The Fox News pundit retained his quick wit during a three-year battle with colon cancer—which claimed his life July 12 at 53. In a bitterly partisan era, Snow never lost the human touch. "He never said a mean word about anybody," recalls Fox colleague Greta Van Susteren. Adds Deckard: "I'd walk into Tony's office and say somebody's going through a difficult time. He'd pick up the phone immediately."
An avid flute and saxophone player, he jammed with rock band Beats Workin' and cherished time at home with wife Jill and their three children. What kept him going, he told PEOPLE last year, was the support of family and friends. "Love," he said, "is a valuable and precious thing."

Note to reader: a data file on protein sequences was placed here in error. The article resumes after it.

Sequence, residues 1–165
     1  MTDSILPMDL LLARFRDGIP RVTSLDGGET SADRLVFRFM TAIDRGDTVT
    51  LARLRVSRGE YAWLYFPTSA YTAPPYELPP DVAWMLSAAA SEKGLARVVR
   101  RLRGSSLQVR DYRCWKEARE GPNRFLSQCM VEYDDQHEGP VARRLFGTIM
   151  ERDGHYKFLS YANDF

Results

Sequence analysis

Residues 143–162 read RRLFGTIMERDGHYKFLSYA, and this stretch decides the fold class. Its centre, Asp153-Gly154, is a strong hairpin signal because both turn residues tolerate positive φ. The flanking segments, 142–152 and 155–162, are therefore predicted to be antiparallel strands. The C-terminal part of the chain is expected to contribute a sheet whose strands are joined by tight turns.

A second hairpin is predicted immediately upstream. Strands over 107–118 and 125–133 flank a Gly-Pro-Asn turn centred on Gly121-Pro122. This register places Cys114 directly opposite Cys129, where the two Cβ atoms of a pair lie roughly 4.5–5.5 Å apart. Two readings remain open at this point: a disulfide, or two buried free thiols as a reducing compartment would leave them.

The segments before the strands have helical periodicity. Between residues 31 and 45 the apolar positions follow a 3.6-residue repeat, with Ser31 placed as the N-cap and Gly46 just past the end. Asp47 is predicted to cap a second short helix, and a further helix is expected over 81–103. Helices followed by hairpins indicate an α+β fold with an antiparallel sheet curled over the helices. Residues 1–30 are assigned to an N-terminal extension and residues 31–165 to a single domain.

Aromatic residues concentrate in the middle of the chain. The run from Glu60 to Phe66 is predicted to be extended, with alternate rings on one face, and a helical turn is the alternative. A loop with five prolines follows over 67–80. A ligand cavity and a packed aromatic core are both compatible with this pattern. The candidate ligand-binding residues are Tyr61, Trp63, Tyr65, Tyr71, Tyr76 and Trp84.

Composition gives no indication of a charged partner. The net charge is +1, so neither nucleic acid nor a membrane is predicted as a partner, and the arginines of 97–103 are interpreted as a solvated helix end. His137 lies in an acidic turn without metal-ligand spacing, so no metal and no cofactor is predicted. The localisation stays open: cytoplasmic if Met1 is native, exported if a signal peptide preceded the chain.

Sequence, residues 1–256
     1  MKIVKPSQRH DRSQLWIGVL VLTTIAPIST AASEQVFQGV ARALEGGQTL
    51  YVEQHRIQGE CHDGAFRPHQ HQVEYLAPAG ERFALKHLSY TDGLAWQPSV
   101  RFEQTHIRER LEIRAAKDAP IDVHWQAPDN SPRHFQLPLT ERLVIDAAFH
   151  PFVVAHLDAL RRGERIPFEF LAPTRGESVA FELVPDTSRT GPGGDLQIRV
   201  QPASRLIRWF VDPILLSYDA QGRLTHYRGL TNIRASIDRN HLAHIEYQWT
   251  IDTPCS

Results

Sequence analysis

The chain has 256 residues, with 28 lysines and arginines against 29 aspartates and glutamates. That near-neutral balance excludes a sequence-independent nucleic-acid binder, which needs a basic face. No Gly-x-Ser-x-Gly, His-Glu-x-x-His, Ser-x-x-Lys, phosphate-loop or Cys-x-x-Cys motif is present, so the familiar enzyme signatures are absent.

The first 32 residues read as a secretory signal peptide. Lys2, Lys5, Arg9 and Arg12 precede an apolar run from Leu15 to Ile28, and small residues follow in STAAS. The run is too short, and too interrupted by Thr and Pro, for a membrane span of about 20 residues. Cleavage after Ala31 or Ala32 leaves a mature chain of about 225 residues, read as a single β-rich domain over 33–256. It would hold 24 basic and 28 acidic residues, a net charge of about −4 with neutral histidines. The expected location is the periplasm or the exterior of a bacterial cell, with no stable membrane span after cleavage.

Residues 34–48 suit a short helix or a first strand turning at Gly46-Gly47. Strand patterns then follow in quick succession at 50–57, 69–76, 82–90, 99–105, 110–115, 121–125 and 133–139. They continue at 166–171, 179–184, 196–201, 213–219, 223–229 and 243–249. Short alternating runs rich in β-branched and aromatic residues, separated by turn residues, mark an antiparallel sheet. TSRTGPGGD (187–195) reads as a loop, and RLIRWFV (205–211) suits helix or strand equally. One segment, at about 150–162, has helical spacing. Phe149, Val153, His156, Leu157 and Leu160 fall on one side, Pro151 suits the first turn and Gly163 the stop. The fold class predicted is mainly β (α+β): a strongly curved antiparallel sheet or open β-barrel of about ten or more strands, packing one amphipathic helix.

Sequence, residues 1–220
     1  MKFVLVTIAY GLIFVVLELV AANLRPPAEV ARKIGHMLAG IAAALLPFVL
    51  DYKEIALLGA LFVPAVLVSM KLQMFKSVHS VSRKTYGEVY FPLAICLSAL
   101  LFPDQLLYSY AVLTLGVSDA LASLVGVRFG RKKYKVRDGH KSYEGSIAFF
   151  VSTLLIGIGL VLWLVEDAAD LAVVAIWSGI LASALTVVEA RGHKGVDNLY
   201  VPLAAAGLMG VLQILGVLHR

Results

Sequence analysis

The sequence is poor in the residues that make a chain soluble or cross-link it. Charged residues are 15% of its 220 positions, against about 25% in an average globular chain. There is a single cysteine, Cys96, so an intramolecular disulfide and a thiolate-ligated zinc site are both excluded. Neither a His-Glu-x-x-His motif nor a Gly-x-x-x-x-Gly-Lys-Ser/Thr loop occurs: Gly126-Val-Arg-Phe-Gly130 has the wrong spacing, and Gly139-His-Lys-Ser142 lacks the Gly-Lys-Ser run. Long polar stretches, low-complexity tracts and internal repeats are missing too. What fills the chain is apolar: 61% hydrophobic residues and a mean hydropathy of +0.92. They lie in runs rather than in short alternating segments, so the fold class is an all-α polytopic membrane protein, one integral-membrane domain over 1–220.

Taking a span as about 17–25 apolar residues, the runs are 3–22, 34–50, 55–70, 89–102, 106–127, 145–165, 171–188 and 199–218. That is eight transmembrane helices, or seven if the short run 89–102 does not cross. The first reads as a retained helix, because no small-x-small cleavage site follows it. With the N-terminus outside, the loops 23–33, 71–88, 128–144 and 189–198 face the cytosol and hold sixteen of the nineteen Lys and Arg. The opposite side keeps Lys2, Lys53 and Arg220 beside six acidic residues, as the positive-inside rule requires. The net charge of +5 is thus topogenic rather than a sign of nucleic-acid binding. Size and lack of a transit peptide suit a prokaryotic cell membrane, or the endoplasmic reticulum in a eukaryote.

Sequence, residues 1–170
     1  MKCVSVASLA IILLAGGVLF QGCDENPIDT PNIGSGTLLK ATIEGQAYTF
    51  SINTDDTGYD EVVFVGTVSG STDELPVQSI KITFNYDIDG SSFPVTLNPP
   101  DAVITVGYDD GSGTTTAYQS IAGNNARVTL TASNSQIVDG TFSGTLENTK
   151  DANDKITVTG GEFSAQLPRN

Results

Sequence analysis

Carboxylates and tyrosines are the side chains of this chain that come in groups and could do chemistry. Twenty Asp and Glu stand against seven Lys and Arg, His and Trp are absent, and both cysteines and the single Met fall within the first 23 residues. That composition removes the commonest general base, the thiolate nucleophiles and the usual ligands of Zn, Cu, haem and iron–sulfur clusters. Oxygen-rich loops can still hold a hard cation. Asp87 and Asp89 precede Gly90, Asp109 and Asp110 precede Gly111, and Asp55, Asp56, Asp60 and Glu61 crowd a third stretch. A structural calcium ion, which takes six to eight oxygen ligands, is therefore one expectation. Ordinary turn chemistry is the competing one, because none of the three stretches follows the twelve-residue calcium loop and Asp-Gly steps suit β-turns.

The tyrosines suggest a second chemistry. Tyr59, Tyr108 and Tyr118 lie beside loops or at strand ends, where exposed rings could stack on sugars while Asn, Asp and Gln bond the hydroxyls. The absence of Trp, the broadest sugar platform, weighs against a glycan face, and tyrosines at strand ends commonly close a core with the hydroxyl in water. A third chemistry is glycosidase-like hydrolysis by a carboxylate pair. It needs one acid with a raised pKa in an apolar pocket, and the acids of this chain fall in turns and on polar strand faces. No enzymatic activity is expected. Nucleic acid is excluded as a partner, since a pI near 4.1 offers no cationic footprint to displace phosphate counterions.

- Wendy Grossman/Washington,
From the podium of the White House briefing room, Tony Snow was every bit the happy warrior, parrying with reporters and defending President Bush's policies with pungent sound bites. Once the cameras were off, however, he liked a good laugh. "People would do a Tony Snow impersonation and he'd say 'Do it in front of me,'" says Josh Deckard, assistant press secretary during Snow's 17-month tenure. "He didn't take himself too seriously."